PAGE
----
Produce farms will need to test water for contamination in long-awaited food safety rule

By Staff
5 Min Read

Dive Brief:

  • Produce farmers will have to start conducting agricultural water assessments and taking mitigation steps to prevent harmful bacteria from entering the nation’s supply of fruits and vegetables under a long-anticipated food safety rule.

  • The Food and Drug Administration’s final rule, published May 6, replaces pre-harvest water quality criteria and testing requirements from 2015 with a systems-based approach to identifying potentially hazardous conditions and determining what steps should be taken to address and reduce any contamination risks before they occur.

  • This revision has been anticipated by agricultural and public health circles for more than 10 years as the FDA wrestled with updating the Produce Safety rule amid growing rates of food recalls. Dates for rule compliance vary by farm size and the assessments do not alter existing requirements for harvest and post-harvest water activities.

Dive Insight:

Despite advancements in agriculture and food processing technology, foodborne illness outbreaks linked to raw and processed foods continue to affect tens of millions of people each year. While contaminated water is considered a major culprit in large-scale outbreaks, farms were previously not required to test water for pathogens.

Contaminated water may have been a factor in a massive, multistate outbreak of E. coil in 2018, which prompted federal officials to issue the unusual directive for consumers and retailers to throw out all romaine lettuce following nearly 200 illnesses and five deaths. An investigation into the outbreak found the strain was introduced in a Yuma County irrigation canal adjacent to a large concentrated animal feeding operation, though it’s unclear whether the facility played a part.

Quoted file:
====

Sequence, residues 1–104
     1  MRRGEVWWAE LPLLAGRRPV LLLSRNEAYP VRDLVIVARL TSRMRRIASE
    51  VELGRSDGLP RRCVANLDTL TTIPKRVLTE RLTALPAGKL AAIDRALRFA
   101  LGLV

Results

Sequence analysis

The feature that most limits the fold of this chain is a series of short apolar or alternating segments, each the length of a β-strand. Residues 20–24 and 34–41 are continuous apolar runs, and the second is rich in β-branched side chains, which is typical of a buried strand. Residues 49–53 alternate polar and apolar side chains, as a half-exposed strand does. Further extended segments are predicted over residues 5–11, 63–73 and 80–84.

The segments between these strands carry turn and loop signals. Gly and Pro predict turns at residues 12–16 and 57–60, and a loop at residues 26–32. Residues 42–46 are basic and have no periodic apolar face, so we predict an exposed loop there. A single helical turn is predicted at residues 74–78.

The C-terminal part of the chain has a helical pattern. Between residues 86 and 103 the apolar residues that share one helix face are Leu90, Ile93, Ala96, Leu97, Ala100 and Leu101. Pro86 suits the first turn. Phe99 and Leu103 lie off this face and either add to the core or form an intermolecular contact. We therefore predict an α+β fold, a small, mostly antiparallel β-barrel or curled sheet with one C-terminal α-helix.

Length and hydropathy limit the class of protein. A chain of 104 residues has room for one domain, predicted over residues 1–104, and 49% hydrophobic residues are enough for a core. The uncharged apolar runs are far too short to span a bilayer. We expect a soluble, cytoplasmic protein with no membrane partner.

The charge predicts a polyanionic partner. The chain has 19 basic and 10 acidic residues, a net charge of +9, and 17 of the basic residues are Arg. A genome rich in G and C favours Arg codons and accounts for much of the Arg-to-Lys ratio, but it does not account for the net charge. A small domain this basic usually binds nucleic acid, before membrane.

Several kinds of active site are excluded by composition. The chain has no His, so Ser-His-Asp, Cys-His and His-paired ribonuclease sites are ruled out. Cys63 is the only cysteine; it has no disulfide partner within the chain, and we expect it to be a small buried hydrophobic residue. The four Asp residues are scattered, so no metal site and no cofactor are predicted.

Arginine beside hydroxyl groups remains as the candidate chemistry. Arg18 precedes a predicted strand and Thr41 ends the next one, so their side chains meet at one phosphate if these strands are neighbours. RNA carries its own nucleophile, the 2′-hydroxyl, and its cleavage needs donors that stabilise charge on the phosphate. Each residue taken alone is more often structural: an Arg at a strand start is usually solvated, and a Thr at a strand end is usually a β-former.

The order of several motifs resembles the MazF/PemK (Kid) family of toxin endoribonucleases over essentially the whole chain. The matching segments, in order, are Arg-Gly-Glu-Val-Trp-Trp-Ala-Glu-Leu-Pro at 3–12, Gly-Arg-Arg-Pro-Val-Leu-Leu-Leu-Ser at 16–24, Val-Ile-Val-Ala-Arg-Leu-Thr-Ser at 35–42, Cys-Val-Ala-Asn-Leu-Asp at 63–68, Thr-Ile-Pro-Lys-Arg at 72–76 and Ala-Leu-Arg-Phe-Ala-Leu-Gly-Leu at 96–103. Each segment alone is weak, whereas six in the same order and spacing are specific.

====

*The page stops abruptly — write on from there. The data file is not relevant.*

The latest rule aims to better address potential pathogen contamination at the source before fruits and vegetables are harvested, building on a set of pre-harvest water quality requirements established under the Obama administration. 

The 2015 rule has come under scrutiny from many agriculture stakeholders for establishing “one-size-fits-all” requirements for agricultural water, according to public comments. At the time, the FDA acknowledged gaps in the science related to water quality monitoring.

Produce farmers will be required, under the new rule, to evaluate a variety of factors each year, including their water system, water use practices, crop characteristics, environmental conditions and potential impacts on water from nearby land, according to the FDA. Additionally, farmers must test their water quality in certain circumstances and based on assessment findings, implement effective mitigation steps within a timely manner.

The revisions require all produce farmers, except those who grow sprouts, to conduct pre-harvest water assessments annually or whenever a significant change occurs that could increase the risk of harmful bacteria contamination.

The rule amends the 2015 Food Safety Modernization Act final rule on produce safety, which established the first food safety standards for growing, harvesting and packing produce. Water testing requirements were set to go into effect in 2018, though were postponed by the Trump administration.

During the years-long rulemaking process, public responses have been mixed. Supporters of the proposed rule say the assessments are more risk-based, flexible and holistic than the 2015 requirements. Meanwhile, critics have described the changes as too complicated, difficult to enforce and ineffective in preventing foodborne illness.

Connor Kippe, food systems integrity policy specialist at the National Sustainable Agriculture Coalition, welcomed the FDA’s rule and said it demonstrated a marked improvement in understanding the links between risk prevention strategies and public health.

“We deeply appreciate the updated, risk-based approach to Pre-Harvest Agricultural Water Standards and the staggered compliance dates of the final rule by farm size,” Kippe said in a statement.

The rule is effective July 5, 2024. Implementation for very small farms is 2 years, 9 months after the effective date, while small farms have 1 year, 9 months to adapt. All other farms must comply within 9 months.

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